Personally - I think the consultation is also flawed because there seems to be no requirement to have a 'sustainability appraisal'. Government legislation requires all local authority plans and strategies to have an appraisal - I'm surprised that the Post Office Network Change strategy doesn't. Such an appraisal would immediate flag up things public transport access, and how other community activities and local businesses depend on the local post office.
Any delay in the closure programme would be useful - because it might give the new unitary authority a chance to get it's act together and 'do an Essex' to save the post offices. Or at least work with parish councils, community groups etc to provide 'Plan B' alternatives if the Post Office goes ahead with closures based on a very narrow concept of what a post office is about. It's reminiscent of the flawed analysis Beeching used when he just looked at ticket sales to determine which rail stations to close.

Friday, 11 July 2008

Dransfield start work!

Finally, the Town Centre development has got underway - well, the works compound has been constructed, and work on the new bus station should start next week (Mon 21st). For a while there, I was horribly afraid they'd stop with what they've got so far - the filling station and car park (which wouldn't have got planning permission on their own).
Dransfield are holding a 'prestigious ceremony' to launch the work - with 'local dignitaries, stakeholders and retailers' on 24th July - at the Comrades Club. Don't know if they'll give Irene Brumwell, the Castle Morpeth Mayor a pneumatic drill to 'cut the first tarmac' - I'd like to see that! Oh - of course, I got an invite - unfortunately, I'm 'not available to attend'. Such is life.
I don't think they'll starting on Back Riggs or the Sanderson Arcade proper till November or December, because the Main Post Office there isn't due to close till October. And I'm sure they'll ease up in the Morpeth Christmas shopping jamboree... after all, this is a private sector development, and it's in their interests to keep Morpeth a 'vibrant shopping centre'

Thursday, 10 July 2008

Sharing Green Bins?

The Council's 'green bin' scheme for residents needing to dispose of a lot of garden waste is proving very popular, and the cost seems acceptable to most.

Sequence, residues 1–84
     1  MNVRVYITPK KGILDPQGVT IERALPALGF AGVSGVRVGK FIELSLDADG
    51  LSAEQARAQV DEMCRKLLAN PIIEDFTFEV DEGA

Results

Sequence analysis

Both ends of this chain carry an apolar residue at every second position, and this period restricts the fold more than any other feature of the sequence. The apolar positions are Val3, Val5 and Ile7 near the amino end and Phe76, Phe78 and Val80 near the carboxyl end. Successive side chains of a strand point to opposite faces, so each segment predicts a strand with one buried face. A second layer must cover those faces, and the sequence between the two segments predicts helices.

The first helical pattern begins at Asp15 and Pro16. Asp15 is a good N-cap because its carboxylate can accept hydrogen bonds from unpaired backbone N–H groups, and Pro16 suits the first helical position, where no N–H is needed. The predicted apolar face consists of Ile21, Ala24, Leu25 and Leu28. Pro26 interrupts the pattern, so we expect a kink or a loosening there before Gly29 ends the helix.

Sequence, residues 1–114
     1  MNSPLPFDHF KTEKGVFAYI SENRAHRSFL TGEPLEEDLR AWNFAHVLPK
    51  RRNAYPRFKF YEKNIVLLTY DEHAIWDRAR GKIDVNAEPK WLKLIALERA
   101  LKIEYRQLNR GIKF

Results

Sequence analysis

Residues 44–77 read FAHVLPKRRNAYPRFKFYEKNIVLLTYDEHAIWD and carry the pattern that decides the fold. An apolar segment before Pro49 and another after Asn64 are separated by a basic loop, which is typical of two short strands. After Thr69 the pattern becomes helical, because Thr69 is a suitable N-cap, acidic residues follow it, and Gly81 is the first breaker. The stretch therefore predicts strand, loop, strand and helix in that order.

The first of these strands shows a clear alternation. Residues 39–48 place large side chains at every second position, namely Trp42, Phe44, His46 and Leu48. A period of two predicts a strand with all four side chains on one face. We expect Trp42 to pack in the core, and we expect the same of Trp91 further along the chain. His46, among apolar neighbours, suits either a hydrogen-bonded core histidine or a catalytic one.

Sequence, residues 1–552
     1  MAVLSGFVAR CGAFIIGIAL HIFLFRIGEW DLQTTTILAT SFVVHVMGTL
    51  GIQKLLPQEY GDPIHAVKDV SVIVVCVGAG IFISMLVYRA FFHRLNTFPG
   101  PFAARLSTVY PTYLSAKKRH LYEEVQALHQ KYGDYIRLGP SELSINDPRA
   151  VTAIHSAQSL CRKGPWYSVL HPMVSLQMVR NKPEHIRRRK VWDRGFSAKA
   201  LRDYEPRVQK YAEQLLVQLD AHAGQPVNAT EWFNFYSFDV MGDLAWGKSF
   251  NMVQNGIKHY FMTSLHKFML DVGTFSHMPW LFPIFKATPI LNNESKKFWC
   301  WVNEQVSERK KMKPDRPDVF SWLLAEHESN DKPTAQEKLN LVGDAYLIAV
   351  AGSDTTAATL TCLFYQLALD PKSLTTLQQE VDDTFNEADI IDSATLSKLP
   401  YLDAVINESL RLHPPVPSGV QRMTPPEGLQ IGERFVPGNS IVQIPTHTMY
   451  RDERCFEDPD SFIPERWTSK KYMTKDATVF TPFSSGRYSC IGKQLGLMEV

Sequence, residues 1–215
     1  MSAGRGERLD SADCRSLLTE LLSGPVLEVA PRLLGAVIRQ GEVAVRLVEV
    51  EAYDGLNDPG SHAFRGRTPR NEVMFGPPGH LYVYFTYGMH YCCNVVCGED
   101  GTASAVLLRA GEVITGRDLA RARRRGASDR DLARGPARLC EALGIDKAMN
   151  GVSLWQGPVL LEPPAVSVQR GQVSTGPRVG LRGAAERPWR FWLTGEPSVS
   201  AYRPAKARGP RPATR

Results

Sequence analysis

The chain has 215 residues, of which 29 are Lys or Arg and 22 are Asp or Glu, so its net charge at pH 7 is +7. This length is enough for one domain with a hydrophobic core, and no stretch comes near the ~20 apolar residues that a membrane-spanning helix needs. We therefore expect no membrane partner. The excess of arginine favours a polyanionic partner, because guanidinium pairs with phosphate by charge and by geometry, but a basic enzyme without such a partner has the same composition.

However, there are a number of people (like me, and my neighbours in Olympia Gardens) who have small gardens and don't generate enough garden waste to merit a bin. We can, of course, take one-off loads of waste up to the Amenity Site at Whorral Bank - but that really only works if you have access to a car. You can get to the Amenity Site by bus (35 or 518 from Morpeth) - well, you'd need to walk down from the bus stop at the Pegswood roundabout - but you can't really carry that many bags of rubbish on the bus.
So - I wonder whether there's a demand for groups of neighbours to share a 'green bin' - and how easy that'd be to organise? I guess this is about 'community leadership' again...

Friday, 4 July 2008

Campaigning against Post Office closures

Good rapid response from the LibDems in starting a petition again closure of St Mary’s Field Post Office. And – of course, we should all be campaigning to keep all our post offices open. They are a community service not a business and should be considered as such.

However – I’m going to nitpick about the LibDems’ approach:
i) We need to campaign to keep all our post offices open. If we campaign heavily to keep a particular post office open – then Post Office plc will simply close another one whose supporters are not so loud. And often, it is the more deprived communities who fail to put together an articulate protest – and so lose out.